Using Local Resources to Improve Livelihoods and Build Resilience and Diversification

CWS Indonesia | March 28, 2019

Buttu Tasik feeding his pig supplements. Photo: CWS

Buttu Tasik, his wife and four children live in a village in South Sulawesi. They, like many rural Indonesian families, raise pigs for income while continuing to learn how to adapt their farming for climate change. “Changes in the weather here are quite extreme and we have not yet been able to [fully cope] with the unpredictability of the weather and its impact on our planting schedule. This leads to financial insecurity [because of poor harvests]. By raising pigs to sell, we have money to help us meet our daily needs while waiting for better harvests”.

Tasik is active in his community, where he chairs the Harapan Riwang farmers group that he helped create as part of the Disaster Risk Reduction through Enhanced Adaptive Measures (DREAM) project. DREAM is designed to help farming families strengthen their resilience against natural disasters. Key ways of building resilience include diversifying crops and livestock and learning new farming practices. Related to this CWS DREAM team members recently worked with our partner PUSBINLAT Motivator Toraja Church to host a workshop about making food supplements for their livestock. And after the workshop, Tasik wasted no time to put what he learned to the test. He mixed papaya, brown sugar, betel nut, turmeric and lemongrass to create a nutrient-rich, digestively efficient paste to which he added water before leaving the mixture to ferment for 45 days. “The mixture is fragrant, so I also want to eat it”, Tasik jokes as he shows some CWS team members the mix. “Now, I mix 2 tablespoons of the supplement with each feeding. And, after just two months, my seven pigs are growing a bit faster compared to previous years”.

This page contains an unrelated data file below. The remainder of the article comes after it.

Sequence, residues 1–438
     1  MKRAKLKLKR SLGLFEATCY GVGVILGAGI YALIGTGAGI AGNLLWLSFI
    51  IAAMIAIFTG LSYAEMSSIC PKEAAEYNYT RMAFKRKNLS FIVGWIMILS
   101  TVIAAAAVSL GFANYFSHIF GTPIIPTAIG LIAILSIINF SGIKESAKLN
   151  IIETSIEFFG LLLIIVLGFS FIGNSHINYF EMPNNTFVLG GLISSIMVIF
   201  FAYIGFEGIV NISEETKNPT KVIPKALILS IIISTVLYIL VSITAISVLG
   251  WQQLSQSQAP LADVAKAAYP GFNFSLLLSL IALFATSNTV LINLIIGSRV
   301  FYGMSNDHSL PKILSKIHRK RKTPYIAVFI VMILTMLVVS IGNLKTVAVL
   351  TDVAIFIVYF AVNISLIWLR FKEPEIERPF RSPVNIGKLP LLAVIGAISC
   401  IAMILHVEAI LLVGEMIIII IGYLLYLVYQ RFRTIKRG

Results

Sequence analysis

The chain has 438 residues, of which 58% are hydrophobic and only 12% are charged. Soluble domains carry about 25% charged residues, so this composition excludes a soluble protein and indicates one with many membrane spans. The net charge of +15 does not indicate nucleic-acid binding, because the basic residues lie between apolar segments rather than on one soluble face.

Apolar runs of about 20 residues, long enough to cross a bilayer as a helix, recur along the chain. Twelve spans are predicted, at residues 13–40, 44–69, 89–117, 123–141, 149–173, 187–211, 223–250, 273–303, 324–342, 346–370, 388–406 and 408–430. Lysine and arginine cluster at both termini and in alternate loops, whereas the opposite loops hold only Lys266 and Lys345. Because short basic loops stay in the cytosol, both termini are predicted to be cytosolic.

Tasik was the first in his group to test out the mixture, and he likes the supplement because it uses ingredients he has on his farm or can find in the village. Besides noting a growth spurt in his pigs from using the supplement for several weeks, he also noticed that their manure didn’t smell. After seeing Tasik’s success, several farmers followed his lead. “When I saw others using the supplement, and once we had enough manure that didn’t smell bad, we started to use the manure as a fertilizer – something we were hesitant to do before because we didn’t want to disturb our neighbors with the smell”.

Successes like this one from the Harapan Riwang farmer group are the aim of the DREAM project. Farmers have opportunities to access information and gain knowledge. Then, with this knowledge, they create simple, maintainable systems to help increase the productivity of their work to diversify and strengthen their livelihoods as they cope with the impacts of climate change, which are affecting their crops.

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